McDonald’s needs Europeans to start eating its breakfast

Egg McMuffin, anybody?
Egg McMuffin, anybody?
Image: AP Photo/John Hayes
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Americans love their McDonald’s Egg McMuffins. Europeans, not so much.

The morning window, in which the fast-food giant sells egg sandwiches, hash browns and the like, only lasts until 10:30am, but still accounts for over a quarter of its US sales. Even in the Asia Pacific region, which McDonald’s views as a less mature breakfast market, the segment still contributes some 12% of the company’s revenues. But in Europe, breakfast accounts for only 5% of sales, and in France, the number is barely 1%.

McDonald’s hopes to woo the French from their croissants, the Greeks from their yogurt, and the Brits from their baked beans on toast. Their secret weapon? Coffee. McDonald’s believes it can boost the sale of its breakfast items by first convincing Europeans to buy its coffee.

“We know that coffee drives the visits at our breakfast time,” said CEO Donald Thompson in last week’s earning’s call.

Building new demand for the Egg McMuffin can be a challenge, but the tipping point for breakfast sales comes early, COO Tim Fenton told investors this past November. “The toughest part to grow breakfast is to get to 10%,” he said. “After 10%, it’s a little bit easier.” This logic may help explain the company’s success expanding its breakfast offerings (and sales) in Singapore, China and Australia. But it also underscores the uphill battle that lies ahead in Europe.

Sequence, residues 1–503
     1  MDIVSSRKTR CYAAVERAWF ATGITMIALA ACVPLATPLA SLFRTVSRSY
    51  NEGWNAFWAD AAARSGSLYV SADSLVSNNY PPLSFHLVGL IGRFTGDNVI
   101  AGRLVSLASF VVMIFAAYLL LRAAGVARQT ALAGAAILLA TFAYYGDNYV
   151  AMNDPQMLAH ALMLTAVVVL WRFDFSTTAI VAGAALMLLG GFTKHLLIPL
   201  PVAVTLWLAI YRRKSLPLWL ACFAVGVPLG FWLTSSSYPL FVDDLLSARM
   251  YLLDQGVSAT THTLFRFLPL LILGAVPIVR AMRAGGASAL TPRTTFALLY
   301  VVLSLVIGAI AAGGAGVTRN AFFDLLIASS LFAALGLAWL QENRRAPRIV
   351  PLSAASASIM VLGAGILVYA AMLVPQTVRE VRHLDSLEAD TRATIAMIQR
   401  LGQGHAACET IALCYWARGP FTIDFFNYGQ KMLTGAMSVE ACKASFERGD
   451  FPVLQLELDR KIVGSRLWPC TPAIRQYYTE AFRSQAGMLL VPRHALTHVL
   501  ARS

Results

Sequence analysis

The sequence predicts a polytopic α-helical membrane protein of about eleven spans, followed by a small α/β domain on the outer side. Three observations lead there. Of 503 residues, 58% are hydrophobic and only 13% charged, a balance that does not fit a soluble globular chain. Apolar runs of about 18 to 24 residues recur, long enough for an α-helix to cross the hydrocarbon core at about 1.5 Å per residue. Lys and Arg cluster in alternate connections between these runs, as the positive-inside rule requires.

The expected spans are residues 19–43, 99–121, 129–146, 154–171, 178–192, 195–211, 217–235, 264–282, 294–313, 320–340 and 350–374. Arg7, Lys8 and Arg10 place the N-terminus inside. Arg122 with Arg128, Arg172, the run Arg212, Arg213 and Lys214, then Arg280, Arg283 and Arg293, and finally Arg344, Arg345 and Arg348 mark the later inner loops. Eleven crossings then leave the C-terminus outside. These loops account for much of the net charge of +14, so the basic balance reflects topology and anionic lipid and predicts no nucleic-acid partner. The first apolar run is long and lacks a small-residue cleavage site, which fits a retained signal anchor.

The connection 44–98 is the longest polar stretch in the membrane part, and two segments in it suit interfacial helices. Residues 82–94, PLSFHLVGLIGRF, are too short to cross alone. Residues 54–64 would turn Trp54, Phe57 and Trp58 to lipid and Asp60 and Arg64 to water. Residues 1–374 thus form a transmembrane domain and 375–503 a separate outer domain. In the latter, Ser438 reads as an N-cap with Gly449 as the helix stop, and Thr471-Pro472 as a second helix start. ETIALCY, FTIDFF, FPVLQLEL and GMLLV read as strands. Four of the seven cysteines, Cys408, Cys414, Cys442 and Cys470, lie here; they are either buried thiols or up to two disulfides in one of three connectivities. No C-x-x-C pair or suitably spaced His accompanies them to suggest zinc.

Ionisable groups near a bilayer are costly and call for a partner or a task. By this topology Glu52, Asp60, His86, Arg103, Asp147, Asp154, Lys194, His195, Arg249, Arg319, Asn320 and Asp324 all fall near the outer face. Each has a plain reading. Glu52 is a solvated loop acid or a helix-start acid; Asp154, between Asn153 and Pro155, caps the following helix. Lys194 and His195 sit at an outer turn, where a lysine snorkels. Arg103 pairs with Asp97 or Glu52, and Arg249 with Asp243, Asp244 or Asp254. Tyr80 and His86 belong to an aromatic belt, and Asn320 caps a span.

McDonald’s needs Europe to buy into its breakfast menu, because that’s where the company reaps its beefiest profits. “Breakfast represents the largest margins across the business,” CEO Don Thompson said in November. Considering how poorly much of the region has performed lately—its French and German segments, specifically—McDonald’s could really use the morning boost.

McDonald’s is likely encouraged by its success selling breakfast items to its British customers. McDonald’s breakfast segment grew by 10% in 2013, has doubled since 2008, and now represents 14% of its sales in the country. While some markets, like France, may simply not be within its grasp—in France, as the company acknowledged back in November, “there is no breakfast market”—McDonald’s has serious ambitions to boost its morning sales in other countries. Thompson has specifically mentioned Germany, Spain, Italy, Switzerland and the Netherlands as targets in the past.

A central part of that push will focus on coffee. “Given the size of the opportunity [in Europe], we’re placing strong emphasis on the development of the breakfast day part across the segment, leveraging our strong foundation in coffee,” said Doug Goare, president of McDonald’s Europe, in November.